Competition in Developing Countries
Friday, Jan. 6, 2017 10:15 AM – 12:15 PM
Hyatt Regency Chicago, Addams
- Chair: Rema Hanna, Harvard University
Measuring and Addressing Market Power Issues in the Desludging Market in Senegal
AbstractWe test for collusion in the market for sanitation services in Dakar, Senegal by instituting real-time auctions and testing the impact of randomized differences in invitations to bid and other design elements. We ran over 3500 procurement auctions with 112 desludging operators. We find that the auctions are successful in instigating increased competition: the auctions reduce prices by 7%, and auction prices go down over time, although at a decreasing rate. Consistent with predictions of competitive auctions differences in input costs are passed through to the consumer and more invitations to the auctions result in lower prices.<br />
Participation in the auctions remains low at 18%. There is suggestive evidence that members of the largest and most organized garage collude through reducing participation when other members of the garage are invited to the same auction, but this effect is only present in the first year of the auction data. Operators who are part of the association of desludgers have lower costs and higher markups in the auctions. Members of the association pass through less of their transportation costs to the consumer and submit higher bids controlling for the garages to which they belong.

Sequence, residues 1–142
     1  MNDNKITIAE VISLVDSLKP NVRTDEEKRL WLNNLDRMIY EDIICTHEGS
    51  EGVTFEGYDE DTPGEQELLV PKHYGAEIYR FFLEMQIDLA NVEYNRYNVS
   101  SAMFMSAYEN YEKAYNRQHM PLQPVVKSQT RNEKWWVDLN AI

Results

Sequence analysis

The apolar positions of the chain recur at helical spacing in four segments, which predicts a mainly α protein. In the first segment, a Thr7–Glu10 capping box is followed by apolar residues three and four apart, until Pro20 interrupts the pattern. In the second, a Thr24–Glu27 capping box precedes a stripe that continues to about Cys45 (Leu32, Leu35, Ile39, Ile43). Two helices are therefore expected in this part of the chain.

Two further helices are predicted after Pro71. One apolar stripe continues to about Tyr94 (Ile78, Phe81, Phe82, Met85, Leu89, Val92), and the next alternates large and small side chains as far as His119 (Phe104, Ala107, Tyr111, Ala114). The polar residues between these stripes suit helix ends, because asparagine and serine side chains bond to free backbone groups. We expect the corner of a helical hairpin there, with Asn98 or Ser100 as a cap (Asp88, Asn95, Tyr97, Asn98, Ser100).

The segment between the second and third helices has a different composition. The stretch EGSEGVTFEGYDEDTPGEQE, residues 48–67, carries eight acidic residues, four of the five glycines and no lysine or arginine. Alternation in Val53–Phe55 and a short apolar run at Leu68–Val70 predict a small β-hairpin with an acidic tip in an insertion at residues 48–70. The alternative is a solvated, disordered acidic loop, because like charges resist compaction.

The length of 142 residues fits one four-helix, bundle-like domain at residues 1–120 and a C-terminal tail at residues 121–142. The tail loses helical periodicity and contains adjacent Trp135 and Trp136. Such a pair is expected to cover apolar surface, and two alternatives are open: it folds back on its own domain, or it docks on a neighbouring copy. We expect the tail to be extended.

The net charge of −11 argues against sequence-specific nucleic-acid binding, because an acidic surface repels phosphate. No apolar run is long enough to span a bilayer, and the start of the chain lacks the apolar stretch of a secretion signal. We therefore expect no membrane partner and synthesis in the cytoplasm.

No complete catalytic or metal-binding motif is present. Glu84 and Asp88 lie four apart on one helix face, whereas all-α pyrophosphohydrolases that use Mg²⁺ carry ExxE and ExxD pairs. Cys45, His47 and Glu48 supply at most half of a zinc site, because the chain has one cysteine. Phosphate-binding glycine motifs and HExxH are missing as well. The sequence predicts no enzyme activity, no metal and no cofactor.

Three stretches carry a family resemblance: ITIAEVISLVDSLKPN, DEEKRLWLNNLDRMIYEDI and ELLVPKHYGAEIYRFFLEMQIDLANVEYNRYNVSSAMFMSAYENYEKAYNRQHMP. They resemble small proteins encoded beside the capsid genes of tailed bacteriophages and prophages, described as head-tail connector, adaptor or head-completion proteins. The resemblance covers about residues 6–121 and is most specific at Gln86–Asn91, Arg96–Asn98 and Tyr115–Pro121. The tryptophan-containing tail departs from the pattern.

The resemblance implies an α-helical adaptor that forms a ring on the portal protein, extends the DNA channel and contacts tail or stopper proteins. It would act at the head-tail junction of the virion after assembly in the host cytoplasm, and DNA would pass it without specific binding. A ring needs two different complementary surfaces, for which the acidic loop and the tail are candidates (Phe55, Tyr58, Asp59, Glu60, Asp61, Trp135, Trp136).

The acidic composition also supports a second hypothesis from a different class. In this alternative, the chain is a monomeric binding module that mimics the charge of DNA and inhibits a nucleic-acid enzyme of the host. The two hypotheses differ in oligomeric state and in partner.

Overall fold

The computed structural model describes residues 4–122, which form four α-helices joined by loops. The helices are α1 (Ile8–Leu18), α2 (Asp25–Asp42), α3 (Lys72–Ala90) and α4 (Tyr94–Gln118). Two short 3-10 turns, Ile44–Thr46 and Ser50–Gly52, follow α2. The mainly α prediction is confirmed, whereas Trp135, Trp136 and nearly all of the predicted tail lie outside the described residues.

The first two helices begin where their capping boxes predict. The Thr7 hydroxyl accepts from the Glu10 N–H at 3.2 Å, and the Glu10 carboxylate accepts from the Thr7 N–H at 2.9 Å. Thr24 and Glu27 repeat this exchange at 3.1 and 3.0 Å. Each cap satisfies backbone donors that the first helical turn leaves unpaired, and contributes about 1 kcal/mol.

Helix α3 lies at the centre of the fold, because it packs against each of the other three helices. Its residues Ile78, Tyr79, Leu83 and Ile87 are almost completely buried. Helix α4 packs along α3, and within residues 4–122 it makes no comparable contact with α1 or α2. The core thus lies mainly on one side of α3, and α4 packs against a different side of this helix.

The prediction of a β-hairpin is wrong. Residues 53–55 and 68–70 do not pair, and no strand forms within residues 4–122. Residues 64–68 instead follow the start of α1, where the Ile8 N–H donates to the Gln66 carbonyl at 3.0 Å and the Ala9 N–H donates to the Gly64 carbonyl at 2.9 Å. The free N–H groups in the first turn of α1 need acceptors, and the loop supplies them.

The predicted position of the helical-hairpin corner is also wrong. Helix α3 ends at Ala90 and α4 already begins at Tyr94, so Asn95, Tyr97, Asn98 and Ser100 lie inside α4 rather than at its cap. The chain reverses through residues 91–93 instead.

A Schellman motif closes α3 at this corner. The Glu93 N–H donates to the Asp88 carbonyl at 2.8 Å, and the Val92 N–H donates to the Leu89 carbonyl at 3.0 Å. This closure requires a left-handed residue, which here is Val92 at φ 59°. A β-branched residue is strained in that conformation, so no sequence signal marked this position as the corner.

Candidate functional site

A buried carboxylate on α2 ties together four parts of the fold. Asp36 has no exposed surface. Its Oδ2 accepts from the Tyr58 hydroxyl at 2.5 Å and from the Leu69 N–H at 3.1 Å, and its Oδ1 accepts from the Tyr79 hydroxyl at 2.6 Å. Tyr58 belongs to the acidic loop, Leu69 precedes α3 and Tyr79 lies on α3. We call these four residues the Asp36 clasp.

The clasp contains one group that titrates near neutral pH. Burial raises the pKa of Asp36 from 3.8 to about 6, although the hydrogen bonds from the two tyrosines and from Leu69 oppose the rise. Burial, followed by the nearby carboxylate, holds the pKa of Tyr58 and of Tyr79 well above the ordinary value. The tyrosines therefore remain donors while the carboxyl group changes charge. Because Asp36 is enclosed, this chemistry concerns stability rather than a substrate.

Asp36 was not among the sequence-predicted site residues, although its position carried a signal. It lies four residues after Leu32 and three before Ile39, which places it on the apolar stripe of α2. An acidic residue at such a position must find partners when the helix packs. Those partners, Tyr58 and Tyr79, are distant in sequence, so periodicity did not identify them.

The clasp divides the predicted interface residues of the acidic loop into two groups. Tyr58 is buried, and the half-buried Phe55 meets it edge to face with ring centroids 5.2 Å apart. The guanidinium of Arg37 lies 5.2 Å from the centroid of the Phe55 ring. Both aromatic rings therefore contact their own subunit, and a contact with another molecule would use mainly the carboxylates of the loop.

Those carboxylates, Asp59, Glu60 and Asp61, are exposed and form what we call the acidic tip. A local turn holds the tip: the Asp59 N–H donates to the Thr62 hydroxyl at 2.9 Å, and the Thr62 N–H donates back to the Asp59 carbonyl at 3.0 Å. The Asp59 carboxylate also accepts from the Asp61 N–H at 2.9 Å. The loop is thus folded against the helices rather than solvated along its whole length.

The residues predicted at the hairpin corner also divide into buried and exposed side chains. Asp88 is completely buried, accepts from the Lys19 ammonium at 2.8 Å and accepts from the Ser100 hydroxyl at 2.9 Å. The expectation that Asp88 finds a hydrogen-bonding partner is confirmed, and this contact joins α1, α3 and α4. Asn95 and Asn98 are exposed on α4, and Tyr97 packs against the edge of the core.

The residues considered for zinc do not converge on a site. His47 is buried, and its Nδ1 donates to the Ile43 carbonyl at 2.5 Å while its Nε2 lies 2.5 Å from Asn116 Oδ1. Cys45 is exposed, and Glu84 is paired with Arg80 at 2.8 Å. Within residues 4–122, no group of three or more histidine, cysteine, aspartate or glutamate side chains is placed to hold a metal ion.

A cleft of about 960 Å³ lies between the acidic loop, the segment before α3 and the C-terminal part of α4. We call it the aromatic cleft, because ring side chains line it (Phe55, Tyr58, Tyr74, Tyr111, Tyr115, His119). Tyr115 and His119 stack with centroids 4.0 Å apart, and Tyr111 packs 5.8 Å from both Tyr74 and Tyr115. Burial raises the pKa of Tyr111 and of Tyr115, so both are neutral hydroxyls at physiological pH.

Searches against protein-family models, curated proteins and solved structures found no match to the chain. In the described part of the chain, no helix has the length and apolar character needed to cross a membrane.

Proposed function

T.B.A. (To Be Arbitraged)? Extensive and Intensive Margin in Rice Trading in Madagascar
AbstractSpatial arbitrage is the driving force for the law of one price, and traders are economic agents who are specializing in arbitrage. Using trader-level biweekly survey in Antananarivo, the capital city of Madagascar, we investigate the extensive margin and the intensive margin in response to the price differences across districts. We first show that only a fraction of traders visited other districts to purchase rice, and these active traders tend to be larger than passive traders who do not other districts but only purchase rice from rice sellers visiting the city from their local districts, suggesting the importance of heterogeneity in traders. Active traders on average did not respond to the price differences both in terms of extensive and intensive margin, though larger active traders were more responsive to the price differences in extensive margin. Passive traders were more responsive to the price differences. Our randomized experiment of providing price information through SMS suggests the importance both of price information and the trade link costs in arbitrage activities. We then propose a framework to infer trade costs and trade linkage costs of active traders, finding the importance of trade linkage costs in explaining trader's location choice.
- O0 - General